Since the discovery 20 years ago of high-temperature superconductors (HTSs)--materials that could conduct without resistance at temperatures attainable with liquid nitrogen--the most exciting and far-reaching applications have been expected in electricity. And for many years, the most hard-charging, technically smart company developing HTSs for power has been American Superconductor Corp. (AMSC) of Westborough, Mass. So there's been a stir over the disclosure that AMSC is under investigation by the office of Representative John Dingell, a Democratic congressman from Michigan, one of the most influential U.S. legislators, and an aggressive inquisitor.
The incident that aroused Dingell's suspicions was the award in 2006 by the U.S. Department of Homeland Security of a multimillion-dollar no-bid contract to AMSC to develop and test what it's calling Secure Super Grids in New York City. Working with the local utility Consolidated Edison Co., AMSC plans to develop and install superconducting cables that would connect substations in a much tighter mesh, so that if stations or feeder cables fail, power can be instantly rerouted. Feeder cable failures were implicated in the 1999 and 2006 New York City neighborhood blackouts.
The AMSC–Con Ed plan squarely addresses that problem. But it makes use of technology that's on the verge of commercialization by other companies, not only in the United States but also in Europe and Japan. So it's easy to see why Dingell's investigators might have wondered not only why AMSC got this particular contract on a noncompetitive basis but also why it has received so many other government development contracts on similar terms.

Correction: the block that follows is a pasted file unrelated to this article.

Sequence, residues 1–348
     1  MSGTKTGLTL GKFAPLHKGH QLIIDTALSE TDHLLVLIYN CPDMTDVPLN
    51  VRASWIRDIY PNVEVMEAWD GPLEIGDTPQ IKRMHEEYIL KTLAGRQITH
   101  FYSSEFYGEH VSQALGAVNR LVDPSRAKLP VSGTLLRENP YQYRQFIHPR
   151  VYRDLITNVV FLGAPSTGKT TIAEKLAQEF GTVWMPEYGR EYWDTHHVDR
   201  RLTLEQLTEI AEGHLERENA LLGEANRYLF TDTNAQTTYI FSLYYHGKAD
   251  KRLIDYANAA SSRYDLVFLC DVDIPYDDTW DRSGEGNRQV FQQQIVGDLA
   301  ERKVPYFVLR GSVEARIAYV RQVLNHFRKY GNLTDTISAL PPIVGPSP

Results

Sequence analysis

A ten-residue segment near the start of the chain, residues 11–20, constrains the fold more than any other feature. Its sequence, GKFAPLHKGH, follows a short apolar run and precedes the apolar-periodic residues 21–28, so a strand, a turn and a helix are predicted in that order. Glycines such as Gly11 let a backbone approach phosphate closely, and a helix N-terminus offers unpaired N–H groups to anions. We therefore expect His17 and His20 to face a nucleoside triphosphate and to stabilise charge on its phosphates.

A big part of the funding for the AMSC–Con Ed plan is not for the substation connections but for a second, research and development, component. These funds are to be doled out only as certain technical milestones are met. The second phase involves developing and testing an innovative HTS fault-current limiter system--a device designed to dampen huge current surges from grid-scale short circuits. These generally have been imagined as stand-alone devices, but AMSC proposes to incorporate the current-limiting function in the cables themselves, exploiting a special property of superconductors--they lose their superconducting property and become normally resistive if currents rise too high. So, if properly tuned, they have the innate ability to limit excessive currents.